The first principal power utilized by the mental consciousness is the power of observation. The objects of the senses are presented as data upon which the mind then sets to work in its process of analysis, correlation, reflection, memory and synthesis to achieve an understanding of what is being observed. Mental observation however is two-dimensional and basically only sees what is presented without necessarily getting a deeper understanding of what lies behind, or the completeness of the observed phenomena, whether a form, a force, or another being. A good example of the incompleteness of mental observation is that of the sunrise and sunset, with the obvious conclusion that the sun rotates around the earth. A deeper understanding (which in the case of the relationship between sun and earth came much later in mankind’s evolutionary process than the acceptance of the raw data of the senses) of course tells us that the earth rotates and simultaneously rotates around the sun.
The supramental process of observation, however, is not limited to this two-dimensional view; rather it comprehends the essential nature, significance and inner reality of the object observed. Sri Aurobindo notes: “It sees the form, action, properties, but it is aware at the same time of the qualities or energies, guna, sakti, of which the form is a translation and it sees them not as an inference or deduction from the form or action, but feels and sees them directly in the being of the object and quite as vividly… with a subtle concreteness and fine substantiality,— as the form or sensible action. it is aware too of the consciousness that manifests itself in quality, energy, form. It can feel, know, observe, see forces, tendencies, impulsions, things abstract to us quite as directly and vividly as the things we now call visible and sensible. It observes in just the same way persons and beings. It can take as its starting-point or first indication the speech, action, outward signs, but it is not limited by or dependent on them. It can know and feel and observe the very self and consciousness of another, can either proceed to that directly through the sign or can in its more powerful action begin with it and at once instead of seeking to know the inner being through the evidence of the outer expression, understand rather all the outer expression in the light of the inner being. Even so, completely, the supramental being knows his own inner being and nature. The supermind can too act with equal power and observe with direct experience what is hidden behind the physical order; it can move in other planes than the material universe. It knows the self and reality of things by identity, by experience of oneness or contact of oneness and a vision, a seeing and realising ideation and knowledge dependent on or derived from these things, and its thought presentation of the truths of the spirit is an expression of this kind of sight and experience.”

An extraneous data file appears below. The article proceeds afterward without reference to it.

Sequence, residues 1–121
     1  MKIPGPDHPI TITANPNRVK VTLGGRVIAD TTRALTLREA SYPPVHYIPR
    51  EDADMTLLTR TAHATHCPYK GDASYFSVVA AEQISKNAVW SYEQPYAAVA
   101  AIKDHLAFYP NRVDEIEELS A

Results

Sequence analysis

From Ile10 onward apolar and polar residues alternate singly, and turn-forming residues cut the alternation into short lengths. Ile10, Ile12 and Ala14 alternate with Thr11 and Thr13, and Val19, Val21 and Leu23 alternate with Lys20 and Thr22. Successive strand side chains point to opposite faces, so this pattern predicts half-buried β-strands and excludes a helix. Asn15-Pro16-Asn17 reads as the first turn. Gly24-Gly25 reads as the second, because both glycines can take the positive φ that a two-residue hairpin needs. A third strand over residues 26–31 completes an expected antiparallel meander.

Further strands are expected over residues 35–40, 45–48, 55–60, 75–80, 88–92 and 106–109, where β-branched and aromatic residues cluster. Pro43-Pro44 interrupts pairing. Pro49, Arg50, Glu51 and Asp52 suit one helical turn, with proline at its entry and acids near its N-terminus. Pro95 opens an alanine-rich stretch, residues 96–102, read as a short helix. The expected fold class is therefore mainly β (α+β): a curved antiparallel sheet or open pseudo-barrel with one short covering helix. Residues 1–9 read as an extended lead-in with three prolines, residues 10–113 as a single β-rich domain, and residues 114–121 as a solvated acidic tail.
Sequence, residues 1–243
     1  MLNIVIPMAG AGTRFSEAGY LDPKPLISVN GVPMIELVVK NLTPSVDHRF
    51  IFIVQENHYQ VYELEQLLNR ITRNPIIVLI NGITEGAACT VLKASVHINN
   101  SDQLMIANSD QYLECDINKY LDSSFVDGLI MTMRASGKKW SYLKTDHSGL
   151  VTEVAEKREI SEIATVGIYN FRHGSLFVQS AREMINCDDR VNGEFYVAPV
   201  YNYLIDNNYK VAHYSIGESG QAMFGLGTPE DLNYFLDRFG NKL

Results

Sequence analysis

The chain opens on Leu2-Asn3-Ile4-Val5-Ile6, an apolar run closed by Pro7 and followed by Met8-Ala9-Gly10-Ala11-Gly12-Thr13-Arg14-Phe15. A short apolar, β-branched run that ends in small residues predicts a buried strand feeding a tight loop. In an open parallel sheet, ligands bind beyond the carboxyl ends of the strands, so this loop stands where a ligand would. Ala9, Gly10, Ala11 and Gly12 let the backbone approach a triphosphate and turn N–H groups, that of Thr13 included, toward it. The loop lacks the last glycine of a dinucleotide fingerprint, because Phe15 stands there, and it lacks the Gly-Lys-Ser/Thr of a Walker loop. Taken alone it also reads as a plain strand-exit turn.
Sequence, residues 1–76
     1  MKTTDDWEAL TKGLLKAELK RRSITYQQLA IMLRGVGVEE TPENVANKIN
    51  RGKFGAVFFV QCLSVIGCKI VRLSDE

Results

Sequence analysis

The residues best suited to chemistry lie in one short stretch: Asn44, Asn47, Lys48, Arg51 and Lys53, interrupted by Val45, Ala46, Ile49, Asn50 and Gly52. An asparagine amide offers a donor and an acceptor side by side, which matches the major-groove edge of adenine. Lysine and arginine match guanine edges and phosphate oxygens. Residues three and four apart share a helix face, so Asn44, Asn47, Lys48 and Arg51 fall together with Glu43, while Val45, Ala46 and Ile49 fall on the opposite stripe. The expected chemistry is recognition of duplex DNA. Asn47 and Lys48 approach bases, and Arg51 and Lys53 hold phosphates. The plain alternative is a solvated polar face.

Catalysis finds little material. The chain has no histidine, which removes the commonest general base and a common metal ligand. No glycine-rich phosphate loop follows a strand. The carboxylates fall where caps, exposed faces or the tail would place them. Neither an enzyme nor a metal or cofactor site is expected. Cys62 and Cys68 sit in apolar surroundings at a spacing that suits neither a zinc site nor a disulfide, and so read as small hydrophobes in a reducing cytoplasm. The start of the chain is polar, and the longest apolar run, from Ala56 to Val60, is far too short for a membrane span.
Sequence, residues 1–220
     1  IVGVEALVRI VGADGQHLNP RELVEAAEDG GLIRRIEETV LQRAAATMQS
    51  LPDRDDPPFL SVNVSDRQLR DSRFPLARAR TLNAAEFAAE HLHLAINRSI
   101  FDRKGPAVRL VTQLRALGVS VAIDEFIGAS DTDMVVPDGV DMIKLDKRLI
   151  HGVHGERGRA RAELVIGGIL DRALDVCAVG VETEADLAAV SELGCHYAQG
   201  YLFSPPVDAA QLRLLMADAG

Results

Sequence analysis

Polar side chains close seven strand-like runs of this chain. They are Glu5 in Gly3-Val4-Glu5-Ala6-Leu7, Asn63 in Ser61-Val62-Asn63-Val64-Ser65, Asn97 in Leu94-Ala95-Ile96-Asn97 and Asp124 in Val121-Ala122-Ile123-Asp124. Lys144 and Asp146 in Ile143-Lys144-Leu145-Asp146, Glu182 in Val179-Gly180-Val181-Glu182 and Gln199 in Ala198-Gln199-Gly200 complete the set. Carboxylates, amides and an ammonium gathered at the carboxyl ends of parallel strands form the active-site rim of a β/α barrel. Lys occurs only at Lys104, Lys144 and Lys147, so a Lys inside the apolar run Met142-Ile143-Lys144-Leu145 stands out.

Sri Aurobindo, The Synthesis of Yoga, Part Four: The Yoga of Self-Perfection, Chapter 23, The Supramental Instruments — Thought-process , pg. 828